ABU DHABI: When cancer patients undergoing chemotherapy start to lose hair, it can cause a dent in their self-esteem. A Sri Lankan henna artist in Abu Dhabi is helping them regain their confidence by adorning their heads with beautiful henna crowns. And she doesn’t charge a fee.
Fathima Rabiya started her goodwill gesture this May as part of her wish to do something good on her birthday. Since then she has been visiting patients in their homes to offer her service.
Bald and beautiful
A former primary school teacher, Rabiya has been a passionate henna artist for many years. Seeing her expertise, a friend approached her to be part of a modelling project. Since the model was going bald for the photoshoot, Rabiya suggested a henna crown.
“Henna crowns are not popular in the UAE, or in the Gulf countries for that matter,” said Rabiya. “But I always feel they look more spectacular than other designs since the application is on a larger medium.”
When she posted the images of the photoshoot on Instagram, she got a lot of requests for her service, one of which was from an American cancer patient.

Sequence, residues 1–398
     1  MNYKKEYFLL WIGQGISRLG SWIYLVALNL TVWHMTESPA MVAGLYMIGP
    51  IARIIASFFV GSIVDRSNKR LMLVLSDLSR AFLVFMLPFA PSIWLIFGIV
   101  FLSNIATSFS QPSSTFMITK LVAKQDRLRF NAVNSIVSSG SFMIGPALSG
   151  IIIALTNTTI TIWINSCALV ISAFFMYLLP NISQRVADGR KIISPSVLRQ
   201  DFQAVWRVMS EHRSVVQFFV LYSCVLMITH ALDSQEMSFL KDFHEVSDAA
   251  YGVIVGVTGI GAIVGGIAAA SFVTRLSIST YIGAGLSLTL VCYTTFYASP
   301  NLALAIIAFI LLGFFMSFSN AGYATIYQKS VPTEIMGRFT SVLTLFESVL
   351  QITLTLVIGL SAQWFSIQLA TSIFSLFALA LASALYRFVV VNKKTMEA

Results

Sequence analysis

“I felt it was a very good way of utilising my talent and also helping people who are battling cancer,” said Hassen. “I decided to do it for free because at the end of your life’s journey, you are only left with the good deeds you do.”
Rabiya has noticed a stark difference in the general mood of patients before and after her services. “Most of them can’t take their eyes off the mirror. Every woman likes to look and feel beautiful,” she said.
While she expects no monetary reward for her services, there have been some gratifying moments. After one session, a patient left a surprise card in her bag which stated that the crown made her feel really special after a long time.
Rabiya makes the paste at home using organic henna, lavender oil, sugar and water. “When I was new to the UAE – one and a half years back – I bought some henna cones from a saloon. It left bumps on my hand because of the strong oils and petroleum they add to get good colour. Since then I decided to make my own mix. Natural henna is also very soothing for the body,” she said.
Rabiya endorses crowns for patients because it is the symbol of a queen. “When you wear a crown, people look at you with respect. A henna crown does the same thing by making people look good. The crowns are very popular in countries like the USA, Canada, UK, Australia etc. I want to make this concept approachable to all nationalities.”
Her future plans include opening her own henna boutique here and in her hometown in Sri Lanka besides continuing with her service for patients.
“I am very grateful to my parents who have taught me to be respectful and compassionate to other people. My husband has been extremely supportive of my henna ventures and sometimes even drives me to meet patients,” she said.